Cap mask portraying a woman - ROM2008_10416_22


Cap mask portraying a woman

Maker: Asikpo Edet Okon (d. 1925)
Medium:Carved wood, antelope skin, pigment, bone
Geography: Calabar, Cross River Region, Nigeria
Date: late 19th-early 20th century
Height 73.7 cm
Object number: 935.10.1
On view
Gallery Location:Shreyas and Mina Ajmera Gallery of Africa, the Americas and Asia-Pacific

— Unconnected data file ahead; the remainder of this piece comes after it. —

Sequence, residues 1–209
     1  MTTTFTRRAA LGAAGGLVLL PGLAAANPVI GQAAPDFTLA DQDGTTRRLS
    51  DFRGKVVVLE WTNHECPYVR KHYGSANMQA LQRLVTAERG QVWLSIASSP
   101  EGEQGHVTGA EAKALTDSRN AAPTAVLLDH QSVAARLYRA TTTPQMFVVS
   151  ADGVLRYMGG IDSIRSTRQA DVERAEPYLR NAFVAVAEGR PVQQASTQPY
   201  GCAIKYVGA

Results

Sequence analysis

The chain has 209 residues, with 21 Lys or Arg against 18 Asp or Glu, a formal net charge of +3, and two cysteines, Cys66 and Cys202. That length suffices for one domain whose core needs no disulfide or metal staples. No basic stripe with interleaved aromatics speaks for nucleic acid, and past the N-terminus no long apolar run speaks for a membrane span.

DescriptionThis stunning sculptural headdress was acquired in the Calabar area of South Eastern Nigeria and donated to the ROM by the widow of Reverend W.G. Adams in 1935. The piece was purchased six years earlier by her daughter who was stationed in Calabar, probably as a missionary. We know little about the circumstances of the acquisition of this piece, which old catalogue records identify as a “ju ju,” a general, and somewhat disparaging, term used to describe African religious practices and traditions. According to Keith Nicklin, this mask may have been created by Asikpo Edet Okon, who worked in the Efut town of Ibonda, Creek Town and died in the 1920s. Many of the headdresses produced in this workshop were made for ikem, an entertainment association very common in the region. However in the absence of more specific field data it is hard to clearly identify the original function and ownership of this piece. The headpiece is in fact just one element of Cross River masked performances. These types of masks were traded extensively in the region or copied by various ethnic groups and dance societies, who would absorb this sculptural element into their specific performance and interpret it accordingly. Skin covered “horned” headdresses were produced in the Cross River region at least until the 1970s . Masks were carved in wood, covered with soft untanned antelope skin that had been soaked and could be stretched to cover - without hiding - the details of the carving and then painted with natural pigments and finished with bone and metal detail inserts. The headdress in the ROM’s collection represents a young woman (moninkim). The elaborate face painting and “horned” coiffure recall the typical appearance of maidens being reintroduced in the community after the period of initiation and seclusion that marked their passage from childhood to marriageable womanhood. The gaps between the teeth, made of bone, evoke the filing of teeth that was once a common aesthetic practice in the Cross River region. While this mask certainly represents a beautiful woman, we do not know if it was danced by a male or a female performer. In Africa, it is not uncommon for men to embody female masquerades. However, among the Ejagham and neighboring peoples, researchers have documented a longstanding tradition of masquerade performances danced by women. Based on a number of contemporary comparisons we could imagine that this splendid mask could have been owned and performed by one of the women’s associations of the region.
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